Total Loan Amount – One thing that some people don’t realise is that your total amount borrowed will include any lender or government fees and insurance premiums that you decide to finance. For example, if you’re buying a car and after your trade in the amount to pay is $20,000 but you then have lender and government fees of $750 and an insurance premium of $600, your loan amount is $21,350.
Payment Frequency – Most lenders will give you the option of making weekly, fortnightly or monthly repayments. Choose the frequency that will help you to budget best.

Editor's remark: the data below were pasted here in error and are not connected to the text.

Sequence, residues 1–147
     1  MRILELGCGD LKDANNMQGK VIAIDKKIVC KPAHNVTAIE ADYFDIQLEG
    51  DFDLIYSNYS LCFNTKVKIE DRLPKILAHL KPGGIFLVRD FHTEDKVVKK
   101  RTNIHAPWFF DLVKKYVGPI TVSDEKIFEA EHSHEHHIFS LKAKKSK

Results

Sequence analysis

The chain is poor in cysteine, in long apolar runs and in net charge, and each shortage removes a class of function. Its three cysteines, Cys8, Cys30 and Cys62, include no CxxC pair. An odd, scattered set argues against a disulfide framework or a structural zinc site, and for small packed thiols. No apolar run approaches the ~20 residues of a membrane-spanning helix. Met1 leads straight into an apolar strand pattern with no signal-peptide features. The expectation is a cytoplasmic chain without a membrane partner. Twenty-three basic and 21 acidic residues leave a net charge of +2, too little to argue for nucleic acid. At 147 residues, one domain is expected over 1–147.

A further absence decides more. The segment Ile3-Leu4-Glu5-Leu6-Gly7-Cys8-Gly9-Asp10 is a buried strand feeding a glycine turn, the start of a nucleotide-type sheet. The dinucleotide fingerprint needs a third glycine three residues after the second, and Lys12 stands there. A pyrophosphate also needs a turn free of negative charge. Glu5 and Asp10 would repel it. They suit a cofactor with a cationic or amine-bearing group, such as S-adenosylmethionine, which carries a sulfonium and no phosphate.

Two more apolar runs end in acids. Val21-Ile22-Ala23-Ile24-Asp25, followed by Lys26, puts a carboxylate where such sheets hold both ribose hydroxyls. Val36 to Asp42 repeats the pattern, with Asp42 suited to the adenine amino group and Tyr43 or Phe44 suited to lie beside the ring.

Your Current and Future Circumstances – Think about what your requirements are right now but also your plans for the future. For example, if you’re planning other expenses and your business’s income is going to reduce whilst you have your chattel mortgage, ask yourself if you would still be able to make the repayments. Maybe you need to look at a loan over a longer term to reduce your repayment. If you expect that your income will increase during the time that you’re paying your chattel mortgage off check at the outset that you have the flexibility to make additional payments.
Rate for Risk – Some lenders use a system whereby they determine the rate that they offer to you based on their analysis of your profile. This includes your credit history and business history as well as what asset you are buying and if you are using any of your own cash as a deposit. The better they deem your profile to be the lower the rate you will get.